Arthur the King
by Allan Massie
Reviewed by Coral
This is the story of Arthur the boy, raised in secret by Merlin, who would one day pull the sword from the stone and become England's king.
I really enjoyed the style of writing the author used in this book, writing as a narrative in the voice of Medieval astrologer Michael Scott to a German Prince. The story was well paced and interesting, for a bit. Some of Arthur's pre-King adventures I could have done without, some went on longer than necessary or had no point.
The main problem I had with this book is pretty evident from the cover: Arthur did not live in the time of Knights and suits of armor. As I've said before, Arthur is supposed to have lived in the time after Rome deserted Britain in the 400s CE, not in the Middle Ages. For awhile, I thought the cover was a fluke, because in the early pages in certainly sounded like Rome had just pulled its troops out of Britain or had a few generations earlier. But, at around the 100 page mark, I realized how wrong I was. There was mentions of King Richard the Lion-Heart being already alive, which is so wrong, considering he was born something like 700 years after the supposed time of Arthur. I will admit to the fact I may has misread, and maybe it was in the narrator's time that King Richard was being discussed. But, there was also mentions of Arthur knighting several of his men, and this wasn't exactly a common practice at the time he was supposed to have lived.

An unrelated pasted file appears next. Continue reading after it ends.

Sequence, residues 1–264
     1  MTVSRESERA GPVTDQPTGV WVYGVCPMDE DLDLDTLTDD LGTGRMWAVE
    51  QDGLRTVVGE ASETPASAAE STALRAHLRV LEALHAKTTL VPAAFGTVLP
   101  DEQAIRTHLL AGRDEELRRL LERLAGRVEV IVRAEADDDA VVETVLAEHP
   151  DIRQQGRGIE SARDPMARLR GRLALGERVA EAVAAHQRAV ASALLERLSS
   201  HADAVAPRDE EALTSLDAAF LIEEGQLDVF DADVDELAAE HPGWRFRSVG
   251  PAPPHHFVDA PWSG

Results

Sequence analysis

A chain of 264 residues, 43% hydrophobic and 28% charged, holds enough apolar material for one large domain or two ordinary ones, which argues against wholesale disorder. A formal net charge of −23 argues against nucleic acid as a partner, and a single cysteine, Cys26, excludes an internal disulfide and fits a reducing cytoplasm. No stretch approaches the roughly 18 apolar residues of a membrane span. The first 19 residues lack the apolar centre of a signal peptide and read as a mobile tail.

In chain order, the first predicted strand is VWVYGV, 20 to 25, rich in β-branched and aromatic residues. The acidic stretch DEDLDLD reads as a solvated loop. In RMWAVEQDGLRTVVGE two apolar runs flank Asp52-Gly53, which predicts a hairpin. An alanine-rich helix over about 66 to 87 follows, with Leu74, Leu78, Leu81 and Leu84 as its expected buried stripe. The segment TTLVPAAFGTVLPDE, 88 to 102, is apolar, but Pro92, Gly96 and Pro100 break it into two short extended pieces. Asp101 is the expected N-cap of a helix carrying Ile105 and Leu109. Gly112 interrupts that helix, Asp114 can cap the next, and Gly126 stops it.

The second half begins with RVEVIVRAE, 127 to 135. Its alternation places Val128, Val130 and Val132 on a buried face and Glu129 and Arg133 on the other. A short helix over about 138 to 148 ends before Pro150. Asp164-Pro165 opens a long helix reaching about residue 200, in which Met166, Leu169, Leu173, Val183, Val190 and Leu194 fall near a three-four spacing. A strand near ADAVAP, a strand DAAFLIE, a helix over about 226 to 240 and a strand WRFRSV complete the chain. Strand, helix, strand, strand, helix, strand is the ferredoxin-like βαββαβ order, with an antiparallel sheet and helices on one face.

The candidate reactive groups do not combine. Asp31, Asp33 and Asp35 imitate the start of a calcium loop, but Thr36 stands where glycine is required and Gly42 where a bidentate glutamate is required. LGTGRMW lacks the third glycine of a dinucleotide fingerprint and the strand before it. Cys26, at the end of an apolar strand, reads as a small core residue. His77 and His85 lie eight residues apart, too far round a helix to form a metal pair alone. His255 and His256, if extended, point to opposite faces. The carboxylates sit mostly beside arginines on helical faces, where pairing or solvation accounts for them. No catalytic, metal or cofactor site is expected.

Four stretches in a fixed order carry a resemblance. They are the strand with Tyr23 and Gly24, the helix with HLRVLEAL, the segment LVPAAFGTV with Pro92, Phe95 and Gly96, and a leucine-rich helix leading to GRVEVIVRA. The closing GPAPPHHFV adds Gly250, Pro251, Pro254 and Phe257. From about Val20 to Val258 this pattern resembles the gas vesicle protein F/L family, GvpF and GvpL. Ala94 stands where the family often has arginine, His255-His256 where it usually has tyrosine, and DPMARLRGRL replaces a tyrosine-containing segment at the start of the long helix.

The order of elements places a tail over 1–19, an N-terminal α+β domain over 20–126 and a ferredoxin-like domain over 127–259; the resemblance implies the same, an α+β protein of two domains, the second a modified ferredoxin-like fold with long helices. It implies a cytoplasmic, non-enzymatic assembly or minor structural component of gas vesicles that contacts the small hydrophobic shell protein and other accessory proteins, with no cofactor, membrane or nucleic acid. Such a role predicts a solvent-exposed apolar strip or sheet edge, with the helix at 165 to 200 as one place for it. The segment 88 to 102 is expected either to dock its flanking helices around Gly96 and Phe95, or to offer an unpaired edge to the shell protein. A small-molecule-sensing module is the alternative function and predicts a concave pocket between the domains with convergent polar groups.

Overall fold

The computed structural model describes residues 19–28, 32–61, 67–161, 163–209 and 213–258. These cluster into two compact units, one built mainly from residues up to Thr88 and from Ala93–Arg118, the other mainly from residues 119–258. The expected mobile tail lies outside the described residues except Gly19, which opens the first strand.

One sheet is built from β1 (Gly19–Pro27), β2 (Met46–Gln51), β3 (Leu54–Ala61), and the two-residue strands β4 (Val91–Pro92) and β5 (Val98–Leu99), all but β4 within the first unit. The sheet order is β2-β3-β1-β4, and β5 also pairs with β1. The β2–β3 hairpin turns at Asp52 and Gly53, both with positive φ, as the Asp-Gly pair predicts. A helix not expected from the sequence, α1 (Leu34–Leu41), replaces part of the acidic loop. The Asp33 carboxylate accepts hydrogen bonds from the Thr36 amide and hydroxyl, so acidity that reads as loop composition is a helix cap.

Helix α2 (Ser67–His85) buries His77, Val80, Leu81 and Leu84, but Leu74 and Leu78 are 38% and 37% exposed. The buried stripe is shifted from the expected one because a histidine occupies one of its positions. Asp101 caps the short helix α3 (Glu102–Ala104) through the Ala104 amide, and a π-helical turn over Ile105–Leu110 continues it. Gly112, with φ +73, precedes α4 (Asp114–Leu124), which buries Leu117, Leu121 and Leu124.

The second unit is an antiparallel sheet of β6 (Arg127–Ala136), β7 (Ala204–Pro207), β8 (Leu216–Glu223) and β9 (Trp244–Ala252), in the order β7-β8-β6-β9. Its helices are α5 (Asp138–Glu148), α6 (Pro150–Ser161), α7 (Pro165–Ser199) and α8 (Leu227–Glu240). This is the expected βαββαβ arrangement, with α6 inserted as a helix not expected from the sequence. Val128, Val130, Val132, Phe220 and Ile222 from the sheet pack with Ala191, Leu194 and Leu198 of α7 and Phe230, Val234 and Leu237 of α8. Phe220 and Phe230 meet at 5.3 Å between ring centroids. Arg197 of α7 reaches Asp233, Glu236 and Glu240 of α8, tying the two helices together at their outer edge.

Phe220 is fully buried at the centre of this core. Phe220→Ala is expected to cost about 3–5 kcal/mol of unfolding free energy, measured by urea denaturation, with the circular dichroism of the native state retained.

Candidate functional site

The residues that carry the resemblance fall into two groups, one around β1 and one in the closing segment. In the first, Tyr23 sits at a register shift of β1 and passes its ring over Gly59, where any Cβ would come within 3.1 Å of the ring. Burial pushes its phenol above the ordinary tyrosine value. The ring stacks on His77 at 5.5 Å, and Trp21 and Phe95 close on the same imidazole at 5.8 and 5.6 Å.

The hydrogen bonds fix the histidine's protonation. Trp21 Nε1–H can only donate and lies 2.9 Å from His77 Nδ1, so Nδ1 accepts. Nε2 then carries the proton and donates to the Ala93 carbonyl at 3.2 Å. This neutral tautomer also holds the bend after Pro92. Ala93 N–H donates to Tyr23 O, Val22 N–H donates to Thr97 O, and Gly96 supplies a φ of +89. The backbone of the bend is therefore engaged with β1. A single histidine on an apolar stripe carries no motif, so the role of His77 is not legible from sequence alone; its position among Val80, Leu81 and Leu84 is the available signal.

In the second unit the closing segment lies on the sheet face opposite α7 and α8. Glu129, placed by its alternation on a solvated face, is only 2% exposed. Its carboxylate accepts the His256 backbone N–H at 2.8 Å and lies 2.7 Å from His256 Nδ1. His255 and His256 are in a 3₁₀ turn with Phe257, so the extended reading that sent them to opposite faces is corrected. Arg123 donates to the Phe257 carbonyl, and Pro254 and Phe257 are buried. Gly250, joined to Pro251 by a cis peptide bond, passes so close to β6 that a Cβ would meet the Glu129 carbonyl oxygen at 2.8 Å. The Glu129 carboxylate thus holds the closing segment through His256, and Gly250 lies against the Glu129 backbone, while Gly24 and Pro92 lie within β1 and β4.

I tried to forgive the author this mistake - it's one a lot of people have made and continue to make - but I couldn't forgive him for the bit about men seeking pleasure with other men burning on Judgment Day and suffering eternal torment. Now I know people believe that; I'm not one of them. I believe that no religion should teach hatred and intolerance to any person of this earth. The one thing I will never forgive or overlook is bigotry. I don't know what the author feels towards this subject (earlier in the book he mentions a Marcus who had a man Lycus as a lover, and I didn't sense anything negative in the way he spoke about them), but I feel that unless prejudice was a central part of his book, those lines didn't need to be included. They certainly soured me to the book.